The latest entry in the growing field of Ramones Studies is I Slept With Joey Ramone: A Family Memoir. The angle here is that Joey Ramone, né Jeffrey Hyman, is examined by Mickey Leigh, né Mitchel Hyman, his brother. Mickey also talks a lot about his own life, which is fine for a couple of reasons. For one, he’s got an easy, unforced style (helped by Legs McNeil, an old hand at historicizing the movement he helped create). For another, Mickey’s life has a lot to do with Joey’s, maybe in more ways than he’s aware of revealing.
The Queens childhood opening is like a notebook for early Ramones records: The boys hang out, watch TV, discover rock and roll, pretend to be on drugs, and endure bullies, an asshole father (“Daddy liked men”), and a broken home—all told at great speed, without much moping and plenty of dumb jokes. (Humor high point: Joey gets knocked into a bush.) Even Joey’s many problems are sort of funny (he was regularly hauled into the principal’s office, but there he “hung out and ate Popsicles”), though it’s weird when he threatens his mom with a knife.
The brothers start playing music, which gives them a sense of accomplishment, but also of competition. Local cool guy John Cummings, later Johnny Ramone, is Mickey’s best friend, but he doesn’t want anything to do with Joey. For a while, Joey is a misfit among misfits. But they’re all Queens guys—the sort who refer to their psyches as “upstairs,” and request clarification with “Whattaya mean?”—so they stay on each other’s wavelengths. Some of the guys get up a new band, and Johnny wants “a good-lookin’ guy in front.” They get Joey instead, and the rest is history.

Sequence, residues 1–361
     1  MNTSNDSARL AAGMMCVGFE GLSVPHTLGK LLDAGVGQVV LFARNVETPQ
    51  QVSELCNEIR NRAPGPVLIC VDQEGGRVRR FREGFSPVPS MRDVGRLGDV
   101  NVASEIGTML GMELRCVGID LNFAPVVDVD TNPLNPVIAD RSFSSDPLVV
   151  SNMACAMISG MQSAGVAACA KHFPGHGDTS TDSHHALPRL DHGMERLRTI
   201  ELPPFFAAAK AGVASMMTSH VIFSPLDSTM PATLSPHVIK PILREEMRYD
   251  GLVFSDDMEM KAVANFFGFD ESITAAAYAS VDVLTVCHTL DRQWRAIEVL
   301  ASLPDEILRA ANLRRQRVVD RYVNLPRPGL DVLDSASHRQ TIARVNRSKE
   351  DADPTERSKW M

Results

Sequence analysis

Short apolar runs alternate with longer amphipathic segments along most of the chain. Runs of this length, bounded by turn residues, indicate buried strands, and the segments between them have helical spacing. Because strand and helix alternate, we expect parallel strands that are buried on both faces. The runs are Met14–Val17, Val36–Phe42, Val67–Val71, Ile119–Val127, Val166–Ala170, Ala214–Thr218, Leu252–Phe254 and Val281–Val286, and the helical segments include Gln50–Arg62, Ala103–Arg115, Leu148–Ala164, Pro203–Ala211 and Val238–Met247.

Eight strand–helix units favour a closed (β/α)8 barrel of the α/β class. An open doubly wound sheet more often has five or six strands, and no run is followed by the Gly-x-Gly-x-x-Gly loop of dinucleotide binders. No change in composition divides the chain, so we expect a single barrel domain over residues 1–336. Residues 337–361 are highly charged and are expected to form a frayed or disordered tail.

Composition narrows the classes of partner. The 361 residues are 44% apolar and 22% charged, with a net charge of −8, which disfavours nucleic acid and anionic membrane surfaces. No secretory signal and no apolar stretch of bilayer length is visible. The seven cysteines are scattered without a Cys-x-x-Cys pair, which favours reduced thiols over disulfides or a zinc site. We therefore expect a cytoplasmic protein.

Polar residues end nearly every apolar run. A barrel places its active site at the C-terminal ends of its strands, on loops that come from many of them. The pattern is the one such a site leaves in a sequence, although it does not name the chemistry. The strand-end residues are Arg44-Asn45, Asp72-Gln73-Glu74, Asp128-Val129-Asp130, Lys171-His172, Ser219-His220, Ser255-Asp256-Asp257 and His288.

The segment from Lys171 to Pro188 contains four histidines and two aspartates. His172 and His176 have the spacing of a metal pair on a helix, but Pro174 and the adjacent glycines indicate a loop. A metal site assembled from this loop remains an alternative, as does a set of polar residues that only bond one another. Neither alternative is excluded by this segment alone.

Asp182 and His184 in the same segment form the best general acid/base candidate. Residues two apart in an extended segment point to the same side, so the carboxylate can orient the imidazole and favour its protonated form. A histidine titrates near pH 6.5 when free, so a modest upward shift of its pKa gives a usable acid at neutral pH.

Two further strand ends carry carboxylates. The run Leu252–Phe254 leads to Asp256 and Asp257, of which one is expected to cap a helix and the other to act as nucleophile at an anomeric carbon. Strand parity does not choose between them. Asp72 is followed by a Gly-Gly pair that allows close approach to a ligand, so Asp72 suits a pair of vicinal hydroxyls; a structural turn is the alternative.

Or someone else’s biography. Anyone who picks up I Slept With Joey Ramone will be interested in the plentiful Ramones bio-nuggets: Who wasn’t talking to whom, what girlfriend Joey had when, how Joey could be really cool sometimes and a real dick others, etc. But though we hear some of these details from various witnesses, most of it comes from Mickey, and he has his own story—in fact, this is his story. He knows that, like always happens, the people have come to see his brother, and he’s happy to oblige. But he makes sure you get his side, too.
It’s not always cozy. Mickey believes his brother could have stuck up for him more—not just with the guys, but also with the royalties and career breaks (Joey: “I just plugged [Mickey’s] band on MTV!” Mickey: “But he plugged lots of bands he liked”). He wants you to know the reason every time he and Joey weren’t speaking, and usually Mickey—according to Mickey—is not at fault.
Don’t let that put you off, though. The apple didn’t fall too far from the other apple, and Mickey’s bitching is sort of like what you imagine Joey’s would be like if he were the one who wound up schlepping road cases with a hernia instead of being a star. Mickey is a smaller, slightly less crooked mirror of his brother. If it seems a little sad when Mickey pulls out his clippings, so does being a punk icon when your records always tank. Not to mention scoliosis, problems upstairs, and, finally, cancer.
Joey’s fights with Mickey may not have the historical interest of his fights with Johnny Ramone, but they’re of the same kind: petty, absurd, and entertaining. And, unlike Joey and Johnny, Joey and Mickey made up. Several times. The last time, though, is very sweet. “He pulled me down to him, and he just didn’t let go. I can still feel that hug.”